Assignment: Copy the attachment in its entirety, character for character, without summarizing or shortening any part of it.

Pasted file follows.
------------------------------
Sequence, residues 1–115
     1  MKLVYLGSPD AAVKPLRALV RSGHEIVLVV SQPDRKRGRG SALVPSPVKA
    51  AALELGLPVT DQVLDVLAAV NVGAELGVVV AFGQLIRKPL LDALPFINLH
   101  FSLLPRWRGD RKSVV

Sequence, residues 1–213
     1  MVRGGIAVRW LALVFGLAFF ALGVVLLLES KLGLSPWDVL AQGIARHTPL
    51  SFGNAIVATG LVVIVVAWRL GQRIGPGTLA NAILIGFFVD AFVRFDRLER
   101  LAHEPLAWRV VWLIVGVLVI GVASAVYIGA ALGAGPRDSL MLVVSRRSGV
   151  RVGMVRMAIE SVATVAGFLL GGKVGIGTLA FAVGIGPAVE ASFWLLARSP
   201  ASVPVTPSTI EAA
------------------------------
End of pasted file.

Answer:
Sequence, residues 1–115
     1  MKLVYLGSPD AAVKPLRALV RSGHEIVLVV SQPDRKRGRG SALVPSPVKA
    51  AALELGLPVT DQVLDVLAAV NVGAELGVVV AFGQLIRKPL LDALPFINLH
   101  FSLLPRWRGD RKSVV

Sequence, residues 1–213
     1  MVRGGIAVRW LALVFGLAFF ALGVVLLLES KLGLSPWDVL AQGIARHTPL
    51  SFGNAIVATG LVVIVVAWRL GQRIGPGTLA NAILIGFFVD AFVRFDRLER
   101  LAHEPLAWRV VWLIVGVLVI GVASAVYIGA ALGAGPRDSL MLVVSRRSGV
   151  RVGMVRMAIE SVATVAGFLL GGKVGIGTLA FAVGIGPAVE ASFWLLARSP
   201  ASVPVTPSTI EAA